On Christmas day, after most humans already had disposed of the fancy paper and ribbons that surrounded their gifts, this pretty cattail (Typha latifolia) continued unwrapping itself at the edge of a Brazoria Wildlife Refuge pond.
Pleased by the vaguely octagonal framing these aquatic plants had provided for themselves — a framing emphasized by some creative cropping — I paused to look more closely at the image.
As so often happens, I’d missed a few things when taking the photo: especially two dragonflies perched on the plants, and a very small, very young alligator cruising through the reflected reeds.
Given to pareidolia — the tendency to recognize familiar images in unfamiliar places, like a man in the moon or a dragon in the clouds — it wasn’t long before I noticed an angelfish cruising through the air, well above more ordinary fish still forced to live in the water.
Somewhere, an aquarium may be missing a resident.
While most of us have seen birds splashing in water to find relief during hot weather, other cooling techniques are available to them. Lifting or spreading their wings, allowing the flow of air across unfeathered or less-feathered body parts, also helps to dissipate the heat of summer.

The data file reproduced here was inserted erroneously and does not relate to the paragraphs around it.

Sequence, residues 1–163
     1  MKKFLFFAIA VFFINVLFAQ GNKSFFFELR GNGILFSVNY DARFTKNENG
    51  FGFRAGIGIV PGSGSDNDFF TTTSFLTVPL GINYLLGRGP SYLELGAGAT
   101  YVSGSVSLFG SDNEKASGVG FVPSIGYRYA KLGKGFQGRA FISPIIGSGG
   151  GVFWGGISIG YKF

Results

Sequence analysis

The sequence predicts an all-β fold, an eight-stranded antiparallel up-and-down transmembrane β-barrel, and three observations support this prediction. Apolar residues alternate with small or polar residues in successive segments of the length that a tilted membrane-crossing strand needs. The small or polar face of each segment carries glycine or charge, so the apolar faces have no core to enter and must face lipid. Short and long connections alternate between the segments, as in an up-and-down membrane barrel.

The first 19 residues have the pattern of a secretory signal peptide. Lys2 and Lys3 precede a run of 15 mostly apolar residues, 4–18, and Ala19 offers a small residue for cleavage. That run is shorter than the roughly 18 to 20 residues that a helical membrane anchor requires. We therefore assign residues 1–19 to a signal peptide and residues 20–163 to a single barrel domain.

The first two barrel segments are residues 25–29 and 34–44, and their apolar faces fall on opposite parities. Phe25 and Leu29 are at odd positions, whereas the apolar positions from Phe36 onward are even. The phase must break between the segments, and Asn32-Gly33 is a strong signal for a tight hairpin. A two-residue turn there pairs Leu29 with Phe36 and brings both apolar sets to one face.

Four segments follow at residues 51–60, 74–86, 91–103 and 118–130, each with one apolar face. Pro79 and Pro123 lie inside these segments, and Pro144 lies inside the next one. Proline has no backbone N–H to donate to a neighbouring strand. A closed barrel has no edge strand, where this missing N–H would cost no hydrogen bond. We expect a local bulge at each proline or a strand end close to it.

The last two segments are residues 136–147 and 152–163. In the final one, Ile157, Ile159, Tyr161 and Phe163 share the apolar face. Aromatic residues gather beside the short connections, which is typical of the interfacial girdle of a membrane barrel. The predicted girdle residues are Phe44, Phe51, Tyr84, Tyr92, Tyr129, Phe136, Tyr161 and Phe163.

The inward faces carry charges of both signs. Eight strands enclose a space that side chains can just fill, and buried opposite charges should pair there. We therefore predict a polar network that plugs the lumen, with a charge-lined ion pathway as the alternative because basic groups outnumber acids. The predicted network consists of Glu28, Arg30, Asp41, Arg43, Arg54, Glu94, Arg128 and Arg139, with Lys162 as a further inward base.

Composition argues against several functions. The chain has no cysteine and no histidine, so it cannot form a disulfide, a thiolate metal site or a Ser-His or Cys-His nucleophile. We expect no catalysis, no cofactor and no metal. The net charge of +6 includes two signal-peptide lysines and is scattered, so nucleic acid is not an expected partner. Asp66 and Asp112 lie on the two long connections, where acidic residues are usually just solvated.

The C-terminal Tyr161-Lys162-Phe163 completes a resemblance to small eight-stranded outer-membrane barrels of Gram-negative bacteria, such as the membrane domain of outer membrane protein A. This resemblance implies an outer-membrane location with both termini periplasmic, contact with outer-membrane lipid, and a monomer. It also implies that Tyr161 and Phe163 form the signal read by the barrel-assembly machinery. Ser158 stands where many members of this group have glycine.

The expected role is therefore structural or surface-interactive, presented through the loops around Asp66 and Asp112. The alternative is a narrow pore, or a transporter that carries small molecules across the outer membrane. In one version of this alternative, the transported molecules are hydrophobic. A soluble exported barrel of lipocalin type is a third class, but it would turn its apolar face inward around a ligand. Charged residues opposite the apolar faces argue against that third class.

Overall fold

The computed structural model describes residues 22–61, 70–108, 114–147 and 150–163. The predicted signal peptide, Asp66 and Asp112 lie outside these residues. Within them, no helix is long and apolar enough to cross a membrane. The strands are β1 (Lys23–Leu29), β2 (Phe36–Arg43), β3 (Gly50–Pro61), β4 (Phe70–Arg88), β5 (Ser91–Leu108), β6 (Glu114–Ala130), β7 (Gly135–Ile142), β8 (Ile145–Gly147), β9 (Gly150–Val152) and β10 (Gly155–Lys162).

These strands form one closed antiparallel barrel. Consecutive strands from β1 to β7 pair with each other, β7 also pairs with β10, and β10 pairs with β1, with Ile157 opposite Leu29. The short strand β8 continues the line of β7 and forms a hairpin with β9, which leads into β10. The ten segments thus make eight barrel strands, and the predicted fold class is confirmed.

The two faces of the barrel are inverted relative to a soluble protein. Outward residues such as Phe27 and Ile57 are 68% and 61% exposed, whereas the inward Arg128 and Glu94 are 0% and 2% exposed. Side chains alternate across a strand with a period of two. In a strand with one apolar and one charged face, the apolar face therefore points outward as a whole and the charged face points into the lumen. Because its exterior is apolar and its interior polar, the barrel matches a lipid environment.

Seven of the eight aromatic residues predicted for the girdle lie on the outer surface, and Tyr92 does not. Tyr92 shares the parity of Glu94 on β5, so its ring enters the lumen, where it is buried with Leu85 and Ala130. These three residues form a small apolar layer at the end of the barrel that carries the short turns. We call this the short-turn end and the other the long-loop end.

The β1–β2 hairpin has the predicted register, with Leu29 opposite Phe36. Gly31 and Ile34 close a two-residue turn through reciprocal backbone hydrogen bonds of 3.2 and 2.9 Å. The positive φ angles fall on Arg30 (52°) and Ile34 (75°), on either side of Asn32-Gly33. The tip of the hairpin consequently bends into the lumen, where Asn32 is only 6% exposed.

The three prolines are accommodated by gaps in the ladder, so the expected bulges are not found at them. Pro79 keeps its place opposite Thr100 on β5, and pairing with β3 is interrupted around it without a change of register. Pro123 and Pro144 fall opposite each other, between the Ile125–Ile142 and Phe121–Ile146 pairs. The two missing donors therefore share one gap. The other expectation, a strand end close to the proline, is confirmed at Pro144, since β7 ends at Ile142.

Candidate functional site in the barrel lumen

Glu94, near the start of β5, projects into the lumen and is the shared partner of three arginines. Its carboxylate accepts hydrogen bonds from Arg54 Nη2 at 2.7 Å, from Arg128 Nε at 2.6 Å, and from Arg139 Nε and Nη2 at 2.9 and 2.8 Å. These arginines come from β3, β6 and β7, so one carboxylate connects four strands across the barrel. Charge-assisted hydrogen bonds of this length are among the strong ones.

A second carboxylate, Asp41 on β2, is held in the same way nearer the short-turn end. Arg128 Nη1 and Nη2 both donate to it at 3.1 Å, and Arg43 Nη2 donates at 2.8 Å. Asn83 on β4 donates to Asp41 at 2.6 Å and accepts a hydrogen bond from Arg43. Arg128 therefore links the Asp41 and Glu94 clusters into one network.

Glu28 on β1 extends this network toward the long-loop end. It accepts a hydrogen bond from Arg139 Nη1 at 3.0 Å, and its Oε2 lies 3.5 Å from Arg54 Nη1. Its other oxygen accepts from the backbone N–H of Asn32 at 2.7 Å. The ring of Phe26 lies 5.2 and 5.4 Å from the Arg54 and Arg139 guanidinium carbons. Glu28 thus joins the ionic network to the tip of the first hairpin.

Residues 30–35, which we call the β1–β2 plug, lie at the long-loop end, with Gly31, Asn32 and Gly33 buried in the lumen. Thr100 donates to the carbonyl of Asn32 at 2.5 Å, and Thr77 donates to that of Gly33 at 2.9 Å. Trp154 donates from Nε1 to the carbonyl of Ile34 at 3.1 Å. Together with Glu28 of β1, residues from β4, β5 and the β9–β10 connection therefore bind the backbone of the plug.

Because I’ve usually been at work and without a camera at hand when I’ve seen great blue herons engaging in the behavior, I was especially pleased to find this pied-billed grebe with raised wings at the Brazoria Wildflife Refuge near the end of July.
Despite their reputation for being a bit skittish and camera-shy, this grebe continued its behavior for nearly fifteen minutes. Raising and lowering its wings in a slow, repetitive pattern allowed body heat to escape, and keeping its wings raised for as much as a minute at a time might have caught a bit of breeze as well.